The JP Morgan Nasdaq Equity Premium ETF (symbol: JEPQ) is one of the largest covered call exchange-traded funds (ETFs) in the market and is quite popular with retail investors. JEPQ employs a covered call strategy, which attempts to generate income by selling the upside potential of its portfolio. While covered calls may make sense in certain situations, my observation is that individual investors do not typically fully understand the dynamics of the strategy or the trade-offs in terms of risk and return. Interestingly, JEPQ overlays its strategy on the Nasdaq 100 index, rather than the S&P 500 (like its big sibling JEPI). Hopefully, the below can help investors evaluate whether JEPQ is a good investment for their portfolio.
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The Short Answer
JEPQ may be a good tool in rare specific situations, but JEPQ is not a good investment for many other situations. Covered call strategies (including JEPQ) carry a specific and well-known set of tradeoffs that many investors do not necessarily fully understand or consider the implications. I would not recommend JEPQ to most investors.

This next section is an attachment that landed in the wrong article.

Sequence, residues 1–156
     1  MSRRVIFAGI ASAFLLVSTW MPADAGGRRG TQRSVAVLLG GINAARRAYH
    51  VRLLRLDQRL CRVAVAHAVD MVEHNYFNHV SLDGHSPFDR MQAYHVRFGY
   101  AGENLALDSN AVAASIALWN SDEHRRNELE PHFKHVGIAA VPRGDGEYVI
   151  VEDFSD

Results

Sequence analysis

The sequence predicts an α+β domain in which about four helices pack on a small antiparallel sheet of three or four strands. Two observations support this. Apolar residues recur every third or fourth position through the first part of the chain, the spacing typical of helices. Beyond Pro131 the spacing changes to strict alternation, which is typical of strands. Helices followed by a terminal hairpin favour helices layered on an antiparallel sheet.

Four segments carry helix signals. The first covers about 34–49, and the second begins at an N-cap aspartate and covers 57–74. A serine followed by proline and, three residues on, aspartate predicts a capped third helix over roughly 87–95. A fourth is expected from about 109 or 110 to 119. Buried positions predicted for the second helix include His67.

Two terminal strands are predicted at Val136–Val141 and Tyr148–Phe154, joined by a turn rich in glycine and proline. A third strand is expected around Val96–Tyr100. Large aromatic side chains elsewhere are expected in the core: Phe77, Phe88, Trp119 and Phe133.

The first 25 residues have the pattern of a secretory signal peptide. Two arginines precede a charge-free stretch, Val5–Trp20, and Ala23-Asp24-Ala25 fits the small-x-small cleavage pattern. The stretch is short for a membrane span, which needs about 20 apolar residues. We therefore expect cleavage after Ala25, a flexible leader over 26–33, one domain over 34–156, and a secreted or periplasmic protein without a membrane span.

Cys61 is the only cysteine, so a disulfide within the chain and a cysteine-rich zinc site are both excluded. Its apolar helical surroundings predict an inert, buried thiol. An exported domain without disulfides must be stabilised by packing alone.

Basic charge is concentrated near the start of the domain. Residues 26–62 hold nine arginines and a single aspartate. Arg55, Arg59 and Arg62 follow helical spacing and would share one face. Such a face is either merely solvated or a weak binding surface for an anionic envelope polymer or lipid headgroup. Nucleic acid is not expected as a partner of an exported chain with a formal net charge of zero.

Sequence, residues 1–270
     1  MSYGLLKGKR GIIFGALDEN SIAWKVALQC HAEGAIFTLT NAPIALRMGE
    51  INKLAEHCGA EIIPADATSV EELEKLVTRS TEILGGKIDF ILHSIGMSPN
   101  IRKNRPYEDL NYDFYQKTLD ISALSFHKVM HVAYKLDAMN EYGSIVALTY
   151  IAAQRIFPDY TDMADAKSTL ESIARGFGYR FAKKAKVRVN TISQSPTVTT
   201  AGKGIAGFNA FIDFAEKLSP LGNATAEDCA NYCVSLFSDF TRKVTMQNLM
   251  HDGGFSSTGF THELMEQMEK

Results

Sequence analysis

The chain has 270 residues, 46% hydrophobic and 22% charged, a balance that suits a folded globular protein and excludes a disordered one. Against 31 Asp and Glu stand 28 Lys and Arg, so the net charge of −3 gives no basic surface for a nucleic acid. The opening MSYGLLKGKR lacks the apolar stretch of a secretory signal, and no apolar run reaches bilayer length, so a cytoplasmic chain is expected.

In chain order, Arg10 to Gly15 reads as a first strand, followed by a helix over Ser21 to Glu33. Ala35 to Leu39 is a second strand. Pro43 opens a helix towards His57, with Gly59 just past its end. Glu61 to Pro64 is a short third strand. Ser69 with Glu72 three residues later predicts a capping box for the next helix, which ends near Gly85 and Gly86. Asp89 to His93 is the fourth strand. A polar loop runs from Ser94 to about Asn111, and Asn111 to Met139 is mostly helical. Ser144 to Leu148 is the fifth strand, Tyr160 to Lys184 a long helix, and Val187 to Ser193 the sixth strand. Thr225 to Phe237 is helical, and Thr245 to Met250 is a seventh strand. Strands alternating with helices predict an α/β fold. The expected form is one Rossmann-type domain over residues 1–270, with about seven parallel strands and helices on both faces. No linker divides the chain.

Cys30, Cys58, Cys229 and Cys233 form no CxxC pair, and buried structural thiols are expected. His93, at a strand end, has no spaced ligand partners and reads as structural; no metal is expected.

The first thing most investors want to know about is performance, so we will start there. According to Bloomberg, since the fund’s inception in mid 2022, JEPQ has returned 11.16% annualized which is below the Nasdaq 100 Index’s performance of 17.12% over the same time period. It is important to note that the Nasdaq 100 is different than the Nasdaq Composite Index.
As the JEPQ chart of historical performance below shows, JEPQ outperformed in ever so slightly in 2022 (when equity markets experienced a lot of volatility) and began to underperform in 2022 (as market rallied). This is not surprising and exactly what I would expect from a covered call fund as the strategy is to sell upside potential in exchange for cash which helps offset downside losses. So I would expect JEPQ to underperform when equity markets are doing well, outperform when equities are volatile, and generally underperform over longer time horizons (especially on an after-tax basis). I am a bit surprised that JEPQ did not perform better in 2022 given the volatility, but perhaps the fund was launched a bit too late. Overall, performance has not been impressive.